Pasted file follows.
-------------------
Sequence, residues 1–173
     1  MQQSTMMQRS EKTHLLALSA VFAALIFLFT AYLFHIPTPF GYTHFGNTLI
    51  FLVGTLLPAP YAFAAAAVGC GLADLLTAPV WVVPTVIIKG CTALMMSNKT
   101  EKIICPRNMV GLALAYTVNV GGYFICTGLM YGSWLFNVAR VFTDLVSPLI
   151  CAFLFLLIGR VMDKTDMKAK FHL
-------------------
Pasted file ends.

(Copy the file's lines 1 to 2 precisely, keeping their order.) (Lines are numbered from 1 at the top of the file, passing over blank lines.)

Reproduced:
Sequence, residues 1–173
     1  MQQSTMMQRS EKTHLLALSA VFAALIFLFT AYLFHIPTPF GYTHFGNTLI